Warren Buffett Warns, 'Cash Is Always A Bad Investment' Because It's Sure To Go Down In Value – Having A Surplus Makes Him 'Unhappy'

Berkshire Hathaway, the investment behemoth led by Warren Buffett, surprised many in March 2024 by holding a record-breaking $168 billion in cash. Buffett has a long-standing and well-documented aversion to cash as an investment strategy. He disagrees with the adage “cash is king.” 

In a 2009 interview with Charlie Rose, Buffett asserted that cash is a poor choice for investors looking to safeguard or grow their wealth. “Well, cash is always a bad investment. When people say ‘cash is king', that's crazy," he said, adding that it is "sure to go down in value over time." He likened cash to oxygen — essential in sufficient amounts for security but unproductive and depreciative when stockpiled.

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Buffett’s argument is rooted in the inherent nature of cash to lose value over time because of inflation and its failure to generate returns. “Cash wasn’t producing anything and it was sure to go down in value over time,” he said, highlighting the non-productive aspect of cash holdings. 

For Buffett, maintaining an adequate level of liquidity is crucial; however, excessive amounts are unnecessary and bothersome. “We will always have enough cash around, but anytime we have surplus cash around, I’m unhappy,” he said.

Rose questioned whether all assets serve as a hedge against the dollar’s depreciation. Buffett concurred, noting that almost all assets could be considered as such because the value of the dollar — and most currencies — is expected to decline over time. “All you know is that the dollar is going to be worth less 10, 20, 30 years from now,” Buffett said.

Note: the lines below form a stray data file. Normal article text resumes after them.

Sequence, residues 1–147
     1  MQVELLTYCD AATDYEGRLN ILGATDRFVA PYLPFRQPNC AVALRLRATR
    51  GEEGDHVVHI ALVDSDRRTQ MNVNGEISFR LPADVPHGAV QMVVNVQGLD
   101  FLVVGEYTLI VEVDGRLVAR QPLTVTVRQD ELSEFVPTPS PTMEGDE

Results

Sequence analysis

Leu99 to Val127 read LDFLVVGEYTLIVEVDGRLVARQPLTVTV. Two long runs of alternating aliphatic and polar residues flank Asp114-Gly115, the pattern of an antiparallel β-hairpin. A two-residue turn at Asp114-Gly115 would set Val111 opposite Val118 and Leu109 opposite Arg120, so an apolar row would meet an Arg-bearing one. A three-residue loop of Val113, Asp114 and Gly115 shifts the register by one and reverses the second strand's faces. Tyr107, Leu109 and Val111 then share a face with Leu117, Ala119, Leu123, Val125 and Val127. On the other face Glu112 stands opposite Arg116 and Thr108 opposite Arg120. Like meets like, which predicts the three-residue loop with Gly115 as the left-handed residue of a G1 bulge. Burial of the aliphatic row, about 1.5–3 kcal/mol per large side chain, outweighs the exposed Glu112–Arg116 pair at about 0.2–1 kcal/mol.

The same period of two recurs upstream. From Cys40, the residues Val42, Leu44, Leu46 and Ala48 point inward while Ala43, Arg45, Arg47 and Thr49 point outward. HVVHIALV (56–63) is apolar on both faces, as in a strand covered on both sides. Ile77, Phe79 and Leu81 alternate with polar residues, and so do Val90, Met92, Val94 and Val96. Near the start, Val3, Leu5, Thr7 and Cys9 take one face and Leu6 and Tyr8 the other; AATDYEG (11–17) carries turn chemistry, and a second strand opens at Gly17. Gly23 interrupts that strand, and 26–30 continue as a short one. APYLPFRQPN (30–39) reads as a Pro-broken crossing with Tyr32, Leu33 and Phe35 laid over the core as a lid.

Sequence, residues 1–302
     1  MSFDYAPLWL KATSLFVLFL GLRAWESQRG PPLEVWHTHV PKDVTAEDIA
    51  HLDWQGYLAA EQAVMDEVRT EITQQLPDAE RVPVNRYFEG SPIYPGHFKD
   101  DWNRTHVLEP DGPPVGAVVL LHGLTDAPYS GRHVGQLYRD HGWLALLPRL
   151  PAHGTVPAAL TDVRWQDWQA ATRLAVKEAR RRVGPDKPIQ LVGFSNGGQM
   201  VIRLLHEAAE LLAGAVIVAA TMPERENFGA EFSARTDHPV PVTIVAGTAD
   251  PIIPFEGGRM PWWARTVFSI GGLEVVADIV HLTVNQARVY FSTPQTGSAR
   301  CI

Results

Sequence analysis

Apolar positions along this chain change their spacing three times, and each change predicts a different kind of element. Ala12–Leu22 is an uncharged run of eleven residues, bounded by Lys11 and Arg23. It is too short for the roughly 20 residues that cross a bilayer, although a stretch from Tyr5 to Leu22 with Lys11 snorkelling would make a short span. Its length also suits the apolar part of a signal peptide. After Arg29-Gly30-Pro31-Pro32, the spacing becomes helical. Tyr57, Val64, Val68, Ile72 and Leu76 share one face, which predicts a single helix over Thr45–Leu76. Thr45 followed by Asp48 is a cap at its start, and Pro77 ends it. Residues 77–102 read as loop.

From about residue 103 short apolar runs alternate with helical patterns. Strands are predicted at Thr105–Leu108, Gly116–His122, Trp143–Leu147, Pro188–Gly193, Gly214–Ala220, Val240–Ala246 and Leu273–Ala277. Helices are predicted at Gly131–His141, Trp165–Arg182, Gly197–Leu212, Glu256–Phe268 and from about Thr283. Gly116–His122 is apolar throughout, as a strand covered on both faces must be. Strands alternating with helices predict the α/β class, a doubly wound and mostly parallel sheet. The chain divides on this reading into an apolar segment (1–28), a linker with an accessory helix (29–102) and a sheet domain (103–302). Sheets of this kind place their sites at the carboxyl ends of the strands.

The core of Buffett's perspective on the declining value of the dollar centers on monetary policy and supply. He said that printing more dollars in relation to the goods available diminishes the dollar’s value. This concept was illustrated with a hypothetical scenario where if every household suddenly received a significant amount of cash, it would initially feel beneficial but would ultimately depreciate assets denominated in dollars.

Buffett’s views on cash might surprise some, but his core message is a valuable reminder: strategic asset allocation is key. A diversified portfolio helps weather economic storms. Cash might feel safe, but inflation reduces its buying power. A financial expert can help you craft a personalized investment strategy that balances security with growth potential.

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